Spider Robinson was born on November 24, 1948 in the Bronx, New York City, New York, USA. His career as a science fiction writer began in 1973, with the publication of the short story “The Guy with the Eyes” in the magazine “Analog Science Fiction”, the first set in a fictional universe which includes the Callahan’s Crosstime Saloon. The author wrote other stories that have that place in common: the first ones were collected in the anthology “Callahan’s Crosstime Saloon” in 1977.
The 1976 the novella “By Any Other Name” won the Hugo Award and was expanded in the novel “Telempath”, published in 1977, set in a dystopian future in which civilization is in ruins. Spider Robinson did even better with the 1977 novella, written with his wife, which won the Hugo, Nebula and Locus awards and became the first part of a novel with the same title published in 1978. In the following years the couple published the two sequels “Starseed” (1991) and “Starmind” (1995).
In 2001 Spider Robinson published “The Free Lunch”, inspired by Robert A. Heinlein’s juveniles, so much so that the title is a reference to his famous phrase “There ain’t no such thing as a free lunch”. The inspiration is even greater in his 2006 novel “Variable Star”, since it was developed from a 7-page outline for a novel written by Heinlein in 1955.
George Raymond Martin, this is his birth name, was born on September 20, 1948 in Bayonne, New Jersey, USA. Years later he added the name Richard after chosing it as his confirmation name.
Ever since he was a child, George R. R. Martin showed his desire to write stories and in those years he read a lot of science fiction, fantasy and horror from previous years, becoming fan of Marvel comics. Through the readers letters published in the comics, he came into contact with the fandom and various fanzines, where he published a number of stories.
After years spent working mainly on television, also with various projects that were not successful, George R. R. Martin got tired, also for the limits imposed by budget and the rigid length of television episodes. In the early 1990s he started writing a fantasy saga that was originally a trilogy but was later expanded to better develop the story: in 1996 he published “A Game of Thrones”, the first novel of the saga that enormously increased the author’s fame.
Robert Sheckley was born on July 16, 1928 in Brooklyn, New York, USA.
After graduating from New York University in 1951, Robert Sheckley tried more jobs, also to maintain the family he created after his first marriage and the birth of his son Jason. He also started to work as a science fiction writer by selling his first story, “Final Examination”, at the end of 1951 to the magazine “Imagination”.
Robert Sheckley’s humor, with strong elements of satire, made him famous from the beginning of his career, also thanks to the fact that in his short stories he was able to exploit them with greater intensity. Several of his stories got adapted in a more or less faithful way for radio, television and cinema. He’s an author who became famous among readers and also inspired authors of later generations.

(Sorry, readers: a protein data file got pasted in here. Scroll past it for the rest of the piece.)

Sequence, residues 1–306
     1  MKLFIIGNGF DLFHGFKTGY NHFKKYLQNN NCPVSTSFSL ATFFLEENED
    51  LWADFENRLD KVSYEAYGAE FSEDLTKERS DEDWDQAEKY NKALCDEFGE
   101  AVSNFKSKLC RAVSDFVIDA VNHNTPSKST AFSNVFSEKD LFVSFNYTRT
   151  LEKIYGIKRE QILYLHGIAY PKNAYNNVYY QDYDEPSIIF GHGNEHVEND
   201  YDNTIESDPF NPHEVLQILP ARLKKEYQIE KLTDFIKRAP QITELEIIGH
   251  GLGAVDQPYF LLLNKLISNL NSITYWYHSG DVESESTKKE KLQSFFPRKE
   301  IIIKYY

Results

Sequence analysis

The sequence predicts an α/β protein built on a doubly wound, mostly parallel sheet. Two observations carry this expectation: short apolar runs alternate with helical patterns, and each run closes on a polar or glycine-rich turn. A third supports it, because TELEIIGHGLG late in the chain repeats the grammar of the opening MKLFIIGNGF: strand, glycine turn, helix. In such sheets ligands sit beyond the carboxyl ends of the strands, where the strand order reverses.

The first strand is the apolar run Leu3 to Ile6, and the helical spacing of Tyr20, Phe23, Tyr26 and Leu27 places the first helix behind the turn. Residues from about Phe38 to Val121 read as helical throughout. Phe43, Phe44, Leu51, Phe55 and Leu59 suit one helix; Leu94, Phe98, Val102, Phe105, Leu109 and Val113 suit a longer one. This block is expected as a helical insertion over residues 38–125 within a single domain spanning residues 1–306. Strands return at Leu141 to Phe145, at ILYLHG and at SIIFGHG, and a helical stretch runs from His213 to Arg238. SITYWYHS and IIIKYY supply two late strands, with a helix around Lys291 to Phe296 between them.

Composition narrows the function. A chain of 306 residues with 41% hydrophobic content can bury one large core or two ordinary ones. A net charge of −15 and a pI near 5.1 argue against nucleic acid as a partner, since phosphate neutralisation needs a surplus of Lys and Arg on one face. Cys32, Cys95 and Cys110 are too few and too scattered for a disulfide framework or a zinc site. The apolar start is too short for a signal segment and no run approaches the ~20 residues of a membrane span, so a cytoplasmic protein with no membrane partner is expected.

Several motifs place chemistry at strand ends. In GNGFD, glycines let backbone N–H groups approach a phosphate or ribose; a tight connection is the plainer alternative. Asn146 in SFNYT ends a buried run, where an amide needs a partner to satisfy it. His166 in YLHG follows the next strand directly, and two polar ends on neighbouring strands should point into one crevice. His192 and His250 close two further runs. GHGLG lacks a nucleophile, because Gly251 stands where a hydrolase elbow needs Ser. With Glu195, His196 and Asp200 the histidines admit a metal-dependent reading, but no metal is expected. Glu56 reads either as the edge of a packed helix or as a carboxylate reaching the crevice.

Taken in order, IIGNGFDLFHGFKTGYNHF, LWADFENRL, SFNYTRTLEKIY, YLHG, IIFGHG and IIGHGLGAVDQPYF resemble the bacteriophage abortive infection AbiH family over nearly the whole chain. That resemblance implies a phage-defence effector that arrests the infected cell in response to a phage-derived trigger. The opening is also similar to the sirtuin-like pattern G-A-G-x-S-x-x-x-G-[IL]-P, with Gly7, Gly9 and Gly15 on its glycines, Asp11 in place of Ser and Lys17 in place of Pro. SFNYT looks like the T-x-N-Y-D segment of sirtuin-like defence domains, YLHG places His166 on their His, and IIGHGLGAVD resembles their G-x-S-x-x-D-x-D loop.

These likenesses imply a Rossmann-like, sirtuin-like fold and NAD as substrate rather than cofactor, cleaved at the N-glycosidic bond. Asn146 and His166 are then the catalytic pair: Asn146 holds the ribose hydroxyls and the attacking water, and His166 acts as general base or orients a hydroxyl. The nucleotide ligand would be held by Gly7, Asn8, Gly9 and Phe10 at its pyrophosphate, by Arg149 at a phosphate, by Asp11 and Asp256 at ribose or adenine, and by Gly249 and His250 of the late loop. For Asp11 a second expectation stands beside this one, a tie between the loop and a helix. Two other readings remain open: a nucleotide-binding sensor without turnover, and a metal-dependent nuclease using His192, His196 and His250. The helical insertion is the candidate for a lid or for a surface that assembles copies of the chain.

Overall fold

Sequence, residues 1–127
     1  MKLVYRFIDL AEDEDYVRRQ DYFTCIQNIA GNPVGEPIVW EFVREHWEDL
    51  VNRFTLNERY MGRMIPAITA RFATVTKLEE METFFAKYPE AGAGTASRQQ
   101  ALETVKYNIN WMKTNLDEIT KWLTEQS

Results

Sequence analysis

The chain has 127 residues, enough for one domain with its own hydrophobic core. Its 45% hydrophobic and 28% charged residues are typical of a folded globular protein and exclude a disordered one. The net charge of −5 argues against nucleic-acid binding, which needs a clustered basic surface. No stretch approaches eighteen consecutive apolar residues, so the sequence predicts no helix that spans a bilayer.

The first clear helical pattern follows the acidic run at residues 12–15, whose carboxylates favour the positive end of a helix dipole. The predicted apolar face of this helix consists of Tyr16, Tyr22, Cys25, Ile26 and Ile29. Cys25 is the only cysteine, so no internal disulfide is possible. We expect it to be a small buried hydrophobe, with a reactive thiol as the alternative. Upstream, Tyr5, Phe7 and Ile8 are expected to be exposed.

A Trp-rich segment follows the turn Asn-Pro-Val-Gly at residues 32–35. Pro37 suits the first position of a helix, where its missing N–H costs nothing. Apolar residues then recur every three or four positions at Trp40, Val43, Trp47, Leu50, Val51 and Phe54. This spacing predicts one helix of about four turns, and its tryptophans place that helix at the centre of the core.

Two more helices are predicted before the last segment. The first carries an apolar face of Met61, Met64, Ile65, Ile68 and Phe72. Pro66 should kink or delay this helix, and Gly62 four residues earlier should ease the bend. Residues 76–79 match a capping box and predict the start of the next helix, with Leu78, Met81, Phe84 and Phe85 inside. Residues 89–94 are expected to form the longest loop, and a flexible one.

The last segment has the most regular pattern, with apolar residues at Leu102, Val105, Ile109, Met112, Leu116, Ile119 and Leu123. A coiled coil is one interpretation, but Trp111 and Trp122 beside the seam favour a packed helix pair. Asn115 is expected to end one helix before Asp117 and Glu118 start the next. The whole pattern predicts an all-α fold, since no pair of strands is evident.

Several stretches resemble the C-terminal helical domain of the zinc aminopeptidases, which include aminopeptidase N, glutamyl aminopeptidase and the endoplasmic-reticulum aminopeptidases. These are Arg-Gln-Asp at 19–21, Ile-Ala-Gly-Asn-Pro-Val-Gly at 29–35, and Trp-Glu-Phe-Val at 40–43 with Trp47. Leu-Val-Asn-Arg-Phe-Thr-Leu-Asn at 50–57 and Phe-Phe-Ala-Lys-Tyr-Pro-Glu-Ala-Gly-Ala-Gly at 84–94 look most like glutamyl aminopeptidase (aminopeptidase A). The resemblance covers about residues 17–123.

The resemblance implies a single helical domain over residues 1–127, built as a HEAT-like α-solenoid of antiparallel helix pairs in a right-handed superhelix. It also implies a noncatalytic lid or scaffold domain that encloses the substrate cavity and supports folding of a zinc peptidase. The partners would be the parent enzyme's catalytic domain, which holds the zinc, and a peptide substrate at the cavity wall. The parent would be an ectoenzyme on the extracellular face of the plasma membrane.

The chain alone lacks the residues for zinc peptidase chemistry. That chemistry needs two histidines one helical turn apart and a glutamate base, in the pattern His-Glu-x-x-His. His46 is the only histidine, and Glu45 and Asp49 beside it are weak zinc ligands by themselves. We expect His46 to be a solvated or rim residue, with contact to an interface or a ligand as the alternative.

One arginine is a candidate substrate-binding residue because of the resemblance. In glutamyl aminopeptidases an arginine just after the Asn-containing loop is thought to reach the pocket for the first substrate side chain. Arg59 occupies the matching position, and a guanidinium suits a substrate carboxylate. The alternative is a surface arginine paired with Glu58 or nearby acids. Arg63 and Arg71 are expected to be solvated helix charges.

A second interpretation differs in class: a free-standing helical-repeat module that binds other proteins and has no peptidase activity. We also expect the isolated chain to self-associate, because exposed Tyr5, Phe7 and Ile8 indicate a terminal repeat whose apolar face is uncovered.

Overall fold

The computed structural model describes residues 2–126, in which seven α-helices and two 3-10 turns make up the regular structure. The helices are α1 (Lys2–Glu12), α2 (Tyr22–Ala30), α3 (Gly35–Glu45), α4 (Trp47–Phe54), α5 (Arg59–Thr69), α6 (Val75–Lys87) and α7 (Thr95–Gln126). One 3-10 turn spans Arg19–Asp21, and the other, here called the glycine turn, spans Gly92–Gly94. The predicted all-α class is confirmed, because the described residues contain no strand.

The news came of the death of writer and screenwriter Harlan Ellison: the cause hasn’t been released but he died yesterday in his sleep.
Harlan Ellison’s character was certainly not easy but behind his disputes there was an artist who worked in various ways, sometimes not easy to notice immediately. He wrote very few novels so his visibility has always been lesser than that of many colleagues and the fact that he became famous and appreciated for the courage of his works says a lot about his importance in the field of science fiction.
Laurence van Cott Niven was born on April 30, 1938 in Los Angeles, California, USA. In 1962 Larry Niven earned a Bachelor of Arts in mathematics from Washburn University, Topeka, Kansas. In 1964 he decided to become a writer and published the first story, “The Coldest Place”. It also begins the Tales of Known Space, a future history that covers about a millennium of history from the human beings’ first attempts of expansion into the solar system.
In addition to continuing that cycle, Larry Niven began various collaborations with some of his fellow writers, in some cases to write novels set in his Known Space. The most important collaboration is with Jerry Pournelle, with whom Larry Niven has written several novels including the two of the Motie mini-cycle “The Mote in God’s Eye” (1974) and “The Gripping Hand”, also known as “The Moat Around Murcheson’s Eye” (1993).
Larry Niven continues his work as a writer so we can expect new works, written on his own or in collaboration. When he wrote his first science fiction stories, many fellow writers were moving towards new trends such as the new wave movement but he preferred more traditional themes, which at the time seemed obsolete to many people. Niven developed them in a solid way, basing his stories on plausible scientific and technological premises, eventually influencing writers of the next generations.